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Expressing "grave concerns" about a proposed cut in Medicare reimbursements in 2021, 157  bipartisan members of the U.S. House of Representatives are urging the U.S. Centers for Medicare & Medicaid Services to do something to stop or blunt them, even if it's a temporary reprieve that would buy time to allow Congress to evaluate longer-term solutions. The proposed cuts outlined in the 2021 physician fee schedule include an estimated 9% drop in payment to PTs, and have been the focus of intense advocacy efforts by APTA and multiple other provider organizations.

The letter, sent to CMS administrator Seema Verma and U.S Department of Health and Human Services Secretary Alex Azar on September 23, is the largest such sign-on letter yet — a signal that participation in APTA's #FightTheCut initiatives that drove nearly 50,000 messages to lawmakers is having an impact on Capitol Hill.

The latest letter characterizes the proposed cuts as a damaging move made worse by CMS' insistence that they be instituted beginning Jan. 1, 2021, while many providers are still struggling to recover from losses incurred during the coronavirus pandemic.

"Due to the COVID-19 pandemic, physicians and other health care providers continue to face unprecedented public health and economic challenges," the letter states. "Many face difficult financial decisions and are responding by either cutting their pay, taking on debt, or laying off or furloughing employees."

The House members also point out that the damage isn't limited to physicians, writing that "38 percent of physical therapy owners/partners reported that revenue had decreased 76 to 100 percent in the early phases of the pandemic, with another 34 percent reporting declines of 51 to 75 percent."

While acknowledging the budget neutrality constraints faced by CMS and applauding the agency's move to increase reimbursement for evaluation and manage codes, the House members write that they have "grave concerns that these increases result in a corresponding loss of reimbursement for those physician specialties, therapists, and other health care providers who have been among the hardest hit by the COVID-19 pandemic."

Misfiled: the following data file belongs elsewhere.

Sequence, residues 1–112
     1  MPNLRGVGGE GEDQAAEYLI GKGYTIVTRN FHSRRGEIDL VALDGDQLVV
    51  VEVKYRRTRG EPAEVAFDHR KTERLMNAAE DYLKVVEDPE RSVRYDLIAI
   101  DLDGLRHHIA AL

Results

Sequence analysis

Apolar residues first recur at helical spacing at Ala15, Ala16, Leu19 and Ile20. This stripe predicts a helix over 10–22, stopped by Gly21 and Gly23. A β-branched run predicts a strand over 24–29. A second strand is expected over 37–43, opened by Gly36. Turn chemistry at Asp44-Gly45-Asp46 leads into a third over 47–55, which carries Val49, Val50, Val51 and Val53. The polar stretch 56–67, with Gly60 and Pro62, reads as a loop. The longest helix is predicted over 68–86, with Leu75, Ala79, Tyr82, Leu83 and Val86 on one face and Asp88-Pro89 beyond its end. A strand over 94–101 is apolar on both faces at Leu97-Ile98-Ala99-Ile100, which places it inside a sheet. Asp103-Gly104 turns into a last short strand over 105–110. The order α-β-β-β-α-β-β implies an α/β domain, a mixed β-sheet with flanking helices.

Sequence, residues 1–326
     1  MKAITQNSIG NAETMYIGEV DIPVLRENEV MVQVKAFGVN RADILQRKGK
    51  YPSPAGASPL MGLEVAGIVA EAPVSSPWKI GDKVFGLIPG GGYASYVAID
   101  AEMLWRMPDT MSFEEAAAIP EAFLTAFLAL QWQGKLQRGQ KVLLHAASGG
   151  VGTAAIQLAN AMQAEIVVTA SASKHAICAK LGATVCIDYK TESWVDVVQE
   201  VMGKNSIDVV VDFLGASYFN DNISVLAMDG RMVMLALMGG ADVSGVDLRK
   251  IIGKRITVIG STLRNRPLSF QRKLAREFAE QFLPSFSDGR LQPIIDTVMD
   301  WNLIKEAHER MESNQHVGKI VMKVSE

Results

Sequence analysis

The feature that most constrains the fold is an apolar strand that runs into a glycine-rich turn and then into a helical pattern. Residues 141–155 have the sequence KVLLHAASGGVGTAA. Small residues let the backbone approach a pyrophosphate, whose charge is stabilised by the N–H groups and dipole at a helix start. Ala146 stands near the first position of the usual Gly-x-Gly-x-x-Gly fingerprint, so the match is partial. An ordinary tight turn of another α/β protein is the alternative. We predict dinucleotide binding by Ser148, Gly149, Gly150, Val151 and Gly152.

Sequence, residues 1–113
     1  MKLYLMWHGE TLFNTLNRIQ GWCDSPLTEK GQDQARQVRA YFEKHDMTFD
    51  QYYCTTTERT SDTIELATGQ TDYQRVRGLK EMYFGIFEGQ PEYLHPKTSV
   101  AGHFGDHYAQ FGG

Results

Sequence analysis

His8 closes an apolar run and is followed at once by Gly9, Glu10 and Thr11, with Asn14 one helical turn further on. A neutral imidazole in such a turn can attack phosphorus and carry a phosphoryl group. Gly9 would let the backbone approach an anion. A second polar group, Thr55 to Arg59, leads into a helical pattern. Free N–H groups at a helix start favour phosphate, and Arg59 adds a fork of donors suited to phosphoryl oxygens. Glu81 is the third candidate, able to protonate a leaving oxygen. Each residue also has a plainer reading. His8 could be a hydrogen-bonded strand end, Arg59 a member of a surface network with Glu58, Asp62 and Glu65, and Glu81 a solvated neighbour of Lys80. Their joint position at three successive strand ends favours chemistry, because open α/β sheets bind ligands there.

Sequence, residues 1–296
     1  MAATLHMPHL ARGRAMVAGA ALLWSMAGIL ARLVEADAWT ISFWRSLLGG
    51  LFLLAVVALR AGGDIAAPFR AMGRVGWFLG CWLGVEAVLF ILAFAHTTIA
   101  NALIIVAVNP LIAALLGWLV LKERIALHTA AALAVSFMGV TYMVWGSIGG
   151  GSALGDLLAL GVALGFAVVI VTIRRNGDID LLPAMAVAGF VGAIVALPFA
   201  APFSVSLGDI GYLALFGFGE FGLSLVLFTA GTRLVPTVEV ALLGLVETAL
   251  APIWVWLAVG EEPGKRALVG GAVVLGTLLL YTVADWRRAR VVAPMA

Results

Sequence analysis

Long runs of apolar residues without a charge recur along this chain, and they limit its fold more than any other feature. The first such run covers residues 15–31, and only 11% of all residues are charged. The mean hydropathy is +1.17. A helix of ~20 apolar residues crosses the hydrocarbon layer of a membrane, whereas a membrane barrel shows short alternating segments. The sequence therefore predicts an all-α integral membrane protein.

"While we understand that legislative action may also be required to address this issue, given the January 1, 2021 effective date, we would ask you to take immediate actions to delay or mitigate these cuts while allowing the scheduled increases to go into effect," the letter states. "This approach will give Congress sufficient time to develop a meaningful solution and to address these looming needs."

The letter to CMS comes just as APTA is encouraging members and stakeholders to turn their focus to Medicare and flood the agency with letters opposing the proposed cuts. The association's "Take #FightTheCut to Medicare" effort will begin with a virtual kickoff rally on Sept. 30 at 7 p.m., ET followed by a push to generate as many letters as possible on Oct. 1. The deadline for comments is Oct. 5.

"The most recent letter from this bipartisan group of House members clearly shows that they get it — these cuts would be a bad idea at any time, but coming amid a pandemic, they're likely to have brutal consequences," said Justin Elliott, APTA vice president of government affairs. "Chances are that Congress will wait until the lame duck session after the November 3 election to address Medicare cuts. We need to keep up the pressure on both CMS and Congress while there's still time."

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